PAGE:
Regarding the editor, nano isn’t part of base, unless you select something else from the package menu all you get is vi.

I’m not sure what you mean by this, can you provide an example? Were your old configs overwritten?

I don’t know, but the last time I installed ArchLabs (with vanilla kernel) I didn’t have to ever install nano I think. Could it be that my configs were overwritten, was this to be even expected this time?

For example, after reinstalling the system yesterday with the zen kernel. The background image which I had once set was no longer active (AL mountains bg is active), I had specifically disabled Rofi from using “super key” (but reverted now). I had configured Openbox to have “desktop names” but it is not active, even though I can find the old configs. My Gimp installation had custom presets, which are “gone inside Gimp” (but I am sure the old configs exist).

Problem: my custom config files seem to be existing and all, but they are not getting used for some reason.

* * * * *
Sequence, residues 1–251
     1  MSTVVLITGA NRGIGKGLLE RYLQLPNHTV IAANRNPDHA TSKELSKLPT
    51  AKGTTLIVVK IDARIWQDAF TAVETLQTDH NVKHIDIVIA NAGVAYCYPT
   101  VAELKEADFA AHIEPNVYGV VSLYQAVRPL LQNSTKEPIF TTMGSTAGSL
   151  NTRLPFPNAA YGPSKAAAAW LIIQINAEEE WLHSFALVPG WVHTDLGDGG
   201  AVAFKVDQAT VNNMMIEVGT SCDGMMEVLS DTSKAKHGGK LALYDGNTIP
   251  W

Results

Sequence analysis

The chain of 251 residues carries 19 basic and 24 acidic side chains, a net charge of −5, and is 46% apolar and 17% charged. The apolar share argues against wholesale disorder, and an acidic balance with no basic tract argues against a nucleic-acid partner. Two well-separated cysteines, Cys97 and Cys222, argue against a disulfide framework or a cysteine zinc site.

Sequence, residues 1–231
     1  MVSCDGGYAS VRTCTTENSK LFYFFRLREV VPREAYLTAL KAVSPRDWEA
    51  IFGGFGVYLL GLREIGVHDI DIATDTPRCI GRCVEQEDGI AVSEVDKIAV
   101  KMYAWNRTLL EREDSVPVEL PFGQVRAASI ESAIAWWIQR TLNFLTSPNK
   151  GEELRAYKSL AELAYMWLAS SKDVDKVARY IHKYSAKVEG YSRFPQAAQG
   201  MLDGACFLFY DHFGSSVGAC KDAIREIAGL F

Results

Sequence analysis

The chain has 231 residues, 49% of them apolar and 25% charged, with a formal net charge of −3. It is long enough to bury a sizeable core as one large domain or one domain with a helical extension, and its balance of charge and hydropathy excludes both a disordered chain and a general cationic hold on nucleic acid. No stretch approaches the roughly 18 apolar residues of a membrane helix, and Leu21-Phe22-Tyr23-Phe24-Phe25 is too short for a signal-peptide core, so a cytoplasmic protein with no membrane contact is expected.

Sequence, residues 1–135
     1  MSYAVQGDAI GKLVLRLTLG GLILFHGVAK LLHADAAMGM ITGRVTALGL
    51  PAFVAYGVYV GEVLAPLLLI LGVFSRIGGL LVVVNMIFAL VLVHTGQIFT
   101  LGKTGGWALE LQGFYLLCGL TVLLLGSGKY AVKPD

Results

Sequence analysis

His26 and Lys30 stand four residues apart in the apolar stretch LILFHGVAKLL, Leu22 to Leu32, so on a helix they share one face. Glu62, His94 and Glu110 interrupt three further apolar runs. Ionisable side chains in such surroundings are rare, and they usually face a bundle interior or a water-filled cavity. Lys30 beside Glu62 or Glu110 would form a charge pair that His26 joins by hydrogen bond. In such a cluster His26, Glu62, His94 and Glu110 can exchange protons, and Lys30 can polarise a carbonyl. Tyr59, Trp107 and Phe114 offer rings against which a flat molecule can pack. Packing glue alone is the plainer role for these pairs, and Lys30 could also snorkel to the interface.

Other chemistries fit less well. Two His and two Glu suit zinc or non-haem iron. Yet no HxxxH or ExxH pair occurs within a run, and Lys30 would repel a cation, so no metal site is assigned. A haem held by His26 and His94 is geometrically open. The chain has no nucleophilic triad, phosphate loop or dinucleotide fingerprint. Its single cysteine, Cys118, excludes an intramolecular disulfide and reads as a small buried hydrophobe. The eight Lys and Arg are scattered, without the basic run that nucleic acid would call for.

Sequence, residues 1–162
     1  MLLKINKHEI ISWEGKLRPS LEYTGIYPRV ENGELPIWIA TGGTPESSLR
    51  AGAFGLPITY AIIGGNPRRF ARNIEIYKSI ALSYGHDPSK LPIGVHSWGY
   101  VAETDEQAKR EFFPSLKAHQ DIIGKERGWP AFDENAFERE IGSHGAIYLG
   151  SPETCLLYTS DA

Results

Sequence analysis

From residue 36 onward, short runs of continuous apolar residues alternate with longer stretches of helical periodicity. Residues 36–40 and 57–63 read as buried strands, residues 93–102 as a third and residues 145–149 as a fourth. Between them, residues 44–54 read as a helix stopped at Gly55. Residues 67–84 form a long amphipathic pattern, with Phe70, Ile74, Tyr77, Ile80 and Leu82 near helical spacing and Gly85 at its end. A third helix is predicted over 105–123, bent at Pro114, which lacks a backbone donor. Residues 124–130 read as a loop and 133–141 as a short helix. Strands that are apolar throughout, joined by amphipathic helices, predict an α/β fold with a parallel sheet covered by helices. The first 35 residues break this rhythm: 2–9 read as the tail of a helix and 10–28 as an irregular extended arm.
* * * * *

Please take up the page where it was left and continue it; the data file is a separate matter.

What I am trying to suggest is that if I’d re-install AL the same way again, but I’m going to choose vanilla-kernel “I think” my original configs will work right off the bat after installation is complete.

I don’t know why this is even happening, at first I thought because of the custom commands I ran after installation (inside AL installer).

I think nano came installed by default early on.

Maybe you mentioned this earlier and I missed it, but how did you do the install? Did you attempt to keep your preexisting /home partition with your configurations and now they are not being read?

Or did you do a clean install and copy your configuration files to the new install?

Did you copy them over after a clean install? Sometimes the ownership and permissions get messed up when you do that.